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How to Survive a Climate Catastrophe

The views expressed are those of the author and are not necessarily those of Scientific American.

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It happened before. Well, not quite this rapidly, but about 55 million years ago (to geologists, the recent past), Earth experienced an explosive rise in temperature. Through the investigative science of paleontology, we can reconstruct a world where tropical flora flourish at the poles and the world is rocked by mass die-offs – that is, the world that the Intergovernmental Panel on Climate Change predicts as the “worst-case scenario” by 2100.

Six degrees Celsius may not sound like a catastrophe, but that only tells part of the story. Most of the world can at least apportion its heat, but warmer currents converge on the poles with a particularly vicious effect. Normally, the white icecaps reflect much of the sun’s energy (objects appear to be a certain color because of the wavelength of light they reflect back at us, and white light is what we see when every color is reflected back). However, as they melt, there is less white and less reflection of solar energy back to space, resulting in accelerating melting.

All this warmer, fresh water floods into the global ocean and helps to heat it up even more than the sun beating down on it could do alone. At this point, the temperature rise can be tracked in the type of oxygen that microscopic marine drifting organisms use to build their chalky exoskeletons. Elements like oxygen come in multiple versions, called isotopes, which are the same element but are sometimes heavier or lighter, and this can be examined in the fossil record.

Normally, the drifters ‘prefer’ the heavier version of oxygen, but when the ocean heats up, the lighter version is more accessible because it gets moved around more easily. Fossil drifters show that around 55 million years ago, there was a spike in light oxygen being taken up by drifters, and thus a spike in temperature.

Foraminifera like this one are at the base of the ocean's food chains — and are highly susceptible to climate change. Photomicrograph by Scott Fay.

Foraminifera like this one are at the base of the ocean's food chains — and are highly susceptible to climate change. Photomicrograph by Scott Fay.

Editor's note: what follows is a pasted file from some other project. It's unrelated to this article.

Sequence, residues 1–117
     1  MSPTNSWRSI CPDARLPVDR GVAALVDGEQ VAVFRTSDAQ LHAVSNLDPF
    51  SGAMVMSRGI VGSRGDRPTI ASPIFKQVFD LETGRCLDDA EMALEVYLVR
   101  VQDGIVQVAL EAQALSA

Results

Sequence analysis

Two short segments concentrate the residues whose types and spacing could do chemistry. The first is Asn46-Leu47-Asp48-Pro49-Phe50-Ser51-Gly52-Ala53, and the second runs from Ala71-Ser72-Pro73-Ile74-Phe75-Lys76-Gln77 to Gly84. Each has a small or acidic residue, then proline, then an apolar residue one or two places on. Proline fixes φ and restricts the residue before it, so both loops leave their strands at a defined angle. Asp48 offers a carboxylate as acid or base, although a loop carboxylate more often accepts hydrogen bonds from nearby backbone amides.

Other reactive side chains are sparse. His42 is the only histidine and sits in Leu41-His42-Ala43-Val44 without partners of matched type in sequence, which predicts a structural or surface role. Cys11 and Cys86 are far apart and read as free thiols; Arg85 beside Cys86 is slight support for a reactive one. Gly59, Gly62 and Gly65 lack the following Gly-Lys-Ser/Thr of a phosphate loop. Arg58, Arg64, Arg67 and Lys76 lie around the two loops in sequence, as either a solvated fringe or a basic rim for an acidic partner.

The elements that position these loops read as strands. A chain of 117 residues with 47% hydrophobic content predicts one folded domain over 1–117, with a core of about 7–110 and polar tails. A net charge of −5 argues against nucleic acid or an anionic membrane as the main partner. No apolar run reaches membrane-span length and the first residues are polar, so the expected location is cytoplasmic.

The Paleocene-Eocene Thermal Maximum (PETM), as scientists call it, was a shocker to the Earth. Up to one-half of all species of foraminifera (a kind of drifter that makes its skeleton of chalk and usually lives on the seafloor) went extinct, triggering a probable collapse of the marine food chain. In parts of rural Montana you can still clearly see a sudden layer of red clay in the sedimentary record. That clay is important because it shows what’s missing: usually, the skeletons of foraminifera blanket the sediment, but in their absence, the clay is all that’s left.

A lot of these effects are not in fact due to the rising temperatures, but instead are another side effect of the injection of carbon dioxide, or CO2, into the atmosphere. When plants are exposed to heightened CO2 levels, they are much more productive – but they lose out in protein payoff per kilogram! Land animals shrank in size, because when protein is hard to come by, natural selection favors an animal that can survive on less. The fossil record attests to everything from dwarf condylarths (strange mix-‘n’-match mammals that have been called “sheep in wolves’ clothing”) to even insect burrows getting skinnier. Meanwhile, nutritionally deficient tropical plants expanded their range, pushing out local competition and disrupting ecosystems around the world.

The exact cause of the PETM is still a mystery, although several very knowledgeable fingers have been pointed at a release of methane locked up in ice at the bottom of the sea. Methane, like carbon dioxide, is a greenhouse gas that traps heat in the Earth’s atmosphere and helps to keep the Earth hotter. Both of these gases are currently being emitted at record levels by human activity, and correspondingly the Earth has been heating up, as a global average, to a record high. It’s happened before, and it might happen again – but this time it would be our fault, and our problem.

Some might have noticed that the Earth seems to have gotten over the last event pretty much fine. Why should this be any different, the hecklers in the audience demand. Last time, organisms moved and populations adapted. The Earth’s inhabitants are usually good at that. Not us. As a species, we humans want to live wherever we want, eat whatever we want, and live our lives however we want. That just won’t work. We must react or die. According to the latest data, the concentration of CO2 in the atmosphere hit almost 400 parts per million. The Intergovernmental Panel on Climate Change has endorsed 350 parts per million as a sensible upper limit. If we want to avoid an apocalyptic scenario, emissions must be reduced and minds shifted toward the ultimate goal of saving everything we know and love on this planet for both ourselves and future generations.